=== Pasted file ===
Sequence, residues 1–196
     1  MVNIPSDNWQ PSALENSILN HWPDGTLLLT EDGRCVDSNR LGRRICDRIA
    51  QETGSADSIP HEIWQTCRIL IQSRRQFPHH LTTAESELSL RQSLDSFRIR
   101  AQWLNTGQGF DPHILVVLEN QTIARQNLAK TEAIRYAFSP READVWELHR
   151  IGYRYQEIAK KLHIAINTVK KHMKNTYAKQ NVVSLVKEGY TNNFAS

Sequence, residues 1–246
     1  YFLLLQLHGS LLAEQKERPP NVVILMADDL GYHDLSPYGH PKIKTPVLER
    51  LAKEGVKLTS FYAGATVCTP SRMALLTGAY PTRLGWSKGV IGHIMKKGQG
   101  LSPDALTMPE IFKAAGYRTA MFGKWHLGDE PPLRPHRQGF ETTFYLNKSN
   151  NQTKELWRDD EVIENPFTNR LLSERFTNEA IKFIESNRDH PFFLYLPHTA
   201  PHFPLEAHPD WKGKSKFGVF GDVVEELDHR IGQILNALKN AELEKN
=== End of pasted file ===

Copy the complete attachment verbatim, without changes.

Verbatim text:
Sequence, residues 1–196
     1  MVNIPSDNWQ PSALENSILN HWPDGTLLLT EDGRCVDSNR LGRRICDRIA
    51  QETGSADSIP HEIWQTCRIL IQSRRQFPHH LTTAESELSL RQSLDSFRIR
   101  AQWLNTGQGF DPHILVVLEN QTIARQNLAK TEAIRYAFSP READVWELHR
   151  IGYRYQEIAK KLHIAINTVK KHMKNTYAKQ NVVSLVKEGY TNNFAS

Sequence, residues 1–246
     1  YFLLLQLHGS LLAEQKERPP NVVILMADDL GYHDLSPYGH PKIKTPVLER
    51  LAKEGVKLTS FYAGATVCTP SRMALLTGAY PTRLGWSKGV IGHIMKKGQG
   101  LSPDALTMPE IFKAAGYRTA MFGKWHLGDE PPLRPHRQGF ETTFYLNKSN
   151  NQTKELWRDD EVIENPFTNR LLSERFTNEA IKFIESNRDH PFFLYLPHTA
   201  PHFPLEAHPD WKGKSKFGVF GDVVEELDHR IGQILNALKN AELEKN